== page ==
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1.  Detection is unaffected by the deployment of focal attention 
There has been much debate regarding how much information humans can extract from their environment without the use of limited attentional resources. In a recent study, Theeuwes et al. (2008) argued that even detection of simple feature targets is not possible without selection by focal attention. Supporting this claim, they found response time (RT) benefits in a simple feature (color) detection task when a target letter's identity was repeated on consecutive trials, suggesting that the letter was selected by focal attention and identified prior to detection. This intertrial repetition benefit remained even when observers were required to simultaneously identify a central digit. However, we found that intertrial repetition benefits disappeared when a simple color target was presented among a heterogeneously (rather than homogeneously) colored set of distractors, thus reducing its bottom–up salience. Still, detection performance remained high. Thus, detection performance was unaffected by whether a letter was focally attended and identified prior to detection or not. Intertrial identity repetition benefits also disappeared when observers were required to perform a simultaneous, attention-demanding central task (Experiment 2), or when unfamiliar Chinese characters were used (Experiment 3). Together, these results suggest that while shifts of focal attention can be affected by target salience, by the availability of excess cognitive resources, and by target familiarity, detection performance itself is unaffected by these manipulations and is thus unaffected by the deployment of focal attention.
doi:10.3389/fpsyg.2013.00284
PMCID: PMC3664323  PMID: 23750142
focal attention; perception; salience; locus of selection; priming
2.  Trial-by-trial adjustments of top-down set modulate oculomotor capture 
Psychonomic bulletin & review  2011;18(5):897-903.
The role of top-down control in visual search has been a subject of much debate. Recent research has focused on whether attentional and oculomotor capture by irrelevant salient distractors can be modulated through top-down control, and if so, whether top-down control can be rapidly initiated based on current task goals. In the present study, participants searched for a unique shape in an array containing otherwise homogeneous shapes. A cue prior to each trial indicated the probability that an irrelevant color singleton distractor would appear on that trial. Initial saccades were less likely to land on the target and participants took longer to initiate a saccade to the target when a color distractor was present than when it was absent; this cost was greatly reduced on trials in which the probability that a distractor would appear was high, as compared to when the probability was low. These results suggest that top-down control can modulate oculomotor capture in visual search, even in a singleton search task in which distractors are known to readily capture both attention and the eyes. Furthermore, the results show that top-down distractor suppression mechanisms can be initiated quickly in anticipation of irrelevant salient distractors and can be adjusted on a trial-by-trial basis.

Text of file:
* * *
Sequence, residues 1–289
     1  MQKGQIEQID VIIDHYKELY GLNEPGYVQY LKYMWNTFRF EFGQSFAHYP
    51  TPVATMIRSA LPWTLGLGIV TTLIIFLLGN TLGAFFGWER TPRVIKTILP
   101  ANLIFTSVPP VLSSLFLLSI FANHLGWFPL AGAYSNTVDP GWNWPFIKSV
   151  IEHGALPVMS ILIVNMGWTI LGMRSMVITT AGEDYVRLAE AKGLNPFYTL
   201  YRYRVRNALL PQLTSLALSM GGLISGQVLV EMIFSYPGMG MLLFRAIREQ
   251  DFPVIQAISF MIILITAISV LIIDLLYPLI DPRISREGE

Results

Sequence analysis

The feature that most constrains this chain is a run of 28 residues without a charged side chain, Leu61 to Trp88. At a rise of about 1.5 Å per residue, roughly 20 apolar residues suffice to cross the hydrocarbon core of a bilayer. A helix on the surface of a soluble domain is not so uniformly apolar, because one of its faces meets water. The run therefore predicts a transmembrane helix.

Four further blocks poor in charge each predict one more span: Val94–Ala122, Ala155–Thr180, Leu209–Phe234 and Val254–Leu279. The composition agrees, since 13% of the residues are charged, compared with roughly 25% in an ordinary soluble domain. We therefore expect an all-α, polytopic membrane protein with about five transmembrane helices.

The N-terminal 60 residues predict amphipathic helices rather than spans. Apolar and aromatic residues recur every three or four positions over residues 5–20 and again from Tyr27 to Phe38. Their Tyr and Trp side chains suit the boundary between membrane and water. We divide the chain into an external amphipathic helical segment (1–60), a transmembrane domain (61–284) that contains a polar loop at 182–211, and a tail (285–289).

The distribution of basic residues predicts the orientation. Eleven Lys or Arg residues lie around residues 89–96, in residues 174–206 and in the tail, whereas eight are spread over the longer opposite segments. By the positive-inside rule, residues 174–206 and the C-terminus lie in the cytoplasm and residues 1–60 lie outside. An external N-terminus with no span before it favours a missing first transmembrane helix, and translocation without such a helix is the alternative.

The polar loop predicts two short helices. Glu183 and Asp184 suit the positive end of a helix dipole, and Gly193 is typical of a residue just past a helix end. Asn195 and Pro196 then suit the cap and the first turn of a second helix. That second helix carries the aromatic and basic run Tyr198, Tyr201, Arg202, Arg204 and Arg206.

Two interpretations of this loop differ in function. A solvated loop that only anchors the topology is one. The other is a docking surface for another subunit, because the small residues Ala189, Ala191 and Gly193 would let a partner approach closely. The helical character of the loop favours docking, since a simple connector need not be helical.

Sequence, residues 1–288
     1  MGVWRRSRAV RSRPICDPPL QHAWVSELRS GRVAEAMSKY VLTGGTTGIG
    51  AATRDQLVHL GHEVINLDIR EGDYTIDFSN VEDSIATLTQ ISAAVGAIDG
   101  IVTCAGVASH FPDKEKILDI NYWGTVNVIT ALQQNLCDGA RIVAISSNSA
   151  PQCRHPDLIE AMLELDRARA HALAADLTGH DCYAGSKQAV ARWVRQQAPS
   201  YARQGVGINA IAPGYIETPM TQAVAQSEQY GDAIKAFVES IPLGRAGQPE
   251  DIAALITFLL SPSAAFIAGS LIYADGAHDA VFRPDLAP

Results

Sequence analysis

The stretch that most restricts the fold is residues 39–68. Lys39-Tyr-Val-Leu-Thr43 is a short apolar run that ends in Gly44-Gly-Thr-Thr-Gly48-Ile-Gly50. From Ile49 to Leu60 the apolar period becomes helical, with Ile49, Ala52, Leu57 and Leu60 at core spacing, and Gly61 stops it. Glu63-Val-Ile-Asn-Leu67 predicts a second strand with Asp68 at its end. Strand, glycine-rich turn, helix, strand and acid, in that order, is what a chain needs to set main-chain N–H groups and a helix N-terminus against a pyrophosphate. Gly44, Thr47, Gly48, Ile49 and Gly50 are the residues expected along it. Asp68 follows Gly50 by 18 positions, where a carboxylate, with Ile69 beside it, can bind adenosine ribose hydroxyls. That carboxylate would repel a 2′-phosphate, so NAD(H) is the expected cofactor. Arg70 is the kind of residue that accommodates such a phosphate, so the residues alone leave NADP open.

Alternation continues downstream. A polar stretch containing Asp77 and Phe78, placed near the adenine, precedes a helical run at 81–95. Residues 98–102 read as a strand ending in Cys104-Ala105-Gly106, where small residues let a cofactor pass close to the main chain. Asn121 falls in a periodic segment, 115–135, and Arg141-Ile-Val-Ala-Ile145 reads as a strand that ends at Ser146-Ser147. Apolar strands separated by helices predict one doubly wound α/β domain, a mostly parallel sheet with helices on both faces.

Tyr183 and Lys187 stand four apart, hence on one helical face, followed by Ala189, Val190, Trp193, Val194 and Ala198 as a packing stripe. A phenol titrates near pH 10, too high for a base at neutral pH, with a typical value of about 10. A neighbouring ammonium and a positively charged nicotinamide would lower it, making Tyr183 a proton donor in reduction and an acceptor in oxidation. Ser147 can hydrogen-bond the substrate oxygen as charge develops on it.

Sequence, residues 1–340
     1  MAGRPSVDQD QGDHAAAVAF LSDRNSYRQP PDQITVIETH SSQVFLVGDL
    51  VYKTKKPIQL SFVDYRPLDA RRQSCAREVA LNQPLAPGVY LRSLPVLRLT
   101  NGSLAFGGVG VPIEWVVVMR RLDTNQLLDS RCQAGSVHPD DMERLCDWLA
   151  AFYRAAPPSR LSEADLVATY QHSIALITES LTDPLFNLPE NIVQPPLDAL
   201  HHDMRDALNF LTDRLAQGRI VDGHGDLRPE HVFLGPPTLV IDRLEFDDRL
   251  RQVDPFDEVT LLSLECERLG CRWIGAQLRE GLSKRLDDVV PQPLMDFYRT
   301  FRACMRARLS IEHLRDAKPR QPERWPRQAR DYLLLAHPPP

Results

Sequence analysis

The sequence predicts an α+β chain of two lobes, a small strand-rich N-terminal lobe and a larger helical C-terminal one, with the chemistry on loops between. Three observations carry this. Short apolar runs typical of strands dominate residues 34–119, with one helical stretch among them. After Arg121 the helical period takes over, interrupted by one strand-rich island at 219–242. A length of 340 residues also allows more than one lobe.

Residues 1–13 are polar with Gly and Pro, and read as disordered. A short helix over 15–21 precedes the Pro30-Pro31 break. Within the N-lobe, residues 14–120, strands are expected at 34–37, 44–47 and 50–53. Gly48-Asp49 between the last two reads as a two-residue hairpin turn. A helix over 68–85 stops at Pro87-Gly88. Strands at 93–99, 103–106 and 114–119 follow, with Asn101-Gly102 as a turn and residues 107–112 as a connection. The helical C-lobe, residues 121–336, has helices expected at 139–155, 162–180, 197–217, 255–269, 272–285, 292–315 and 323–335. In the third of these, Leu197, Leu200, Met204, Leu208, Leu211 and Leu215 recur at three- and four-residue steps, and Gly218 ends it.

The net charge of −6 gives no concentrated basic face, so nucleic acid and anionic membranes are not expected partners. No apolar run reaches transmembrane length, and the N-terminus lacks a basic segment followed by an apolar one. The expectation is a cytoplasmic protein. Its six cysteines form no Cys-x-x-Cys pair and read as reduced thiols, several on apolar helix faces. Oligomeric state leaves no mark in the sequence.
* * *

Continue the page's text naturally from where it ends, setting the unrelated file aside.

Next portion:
doi:10.3758/s13423-011-0118-5
PMCID: PMC3605975  PMID: 21691926
Oculomotor capture; Cognitive control; Automaticity; Precuing
3.  Why Salience is Not Enough: Reflections on Top-Down Selection in Vision 
Acta psychologica  2010;135(2):130-132.
The target article represents a distillation of nearly 20 years of work dedicated to the analysis of visual selection. Throughout these years, Jan Theeuwes and his colleagues have been enormously productive in their development of a particular view of visual selection, one that emphasizes the role of bottom-up processes. This work has been very influential, as there is substantial merit to many aspects of this research. However, this endeavor has also been provocative—the reaction to this work has resulted in a large body of research that emphasizes the role of top-down processes. Here we highlight recent work not covered in Theeuwes’s review and discuss how this literature may not be compatible with Theeuwes’s theoretical perspective. In our view this ongoing debate has been one of the most interesting and productive in the field. One can only hope that in time the ultimate result will be a complete understanding of how visual selection actually works.
doi:10.1016/j.actpsy.2010.05.012
PMCID: PMC2948621  PMID: 20580341

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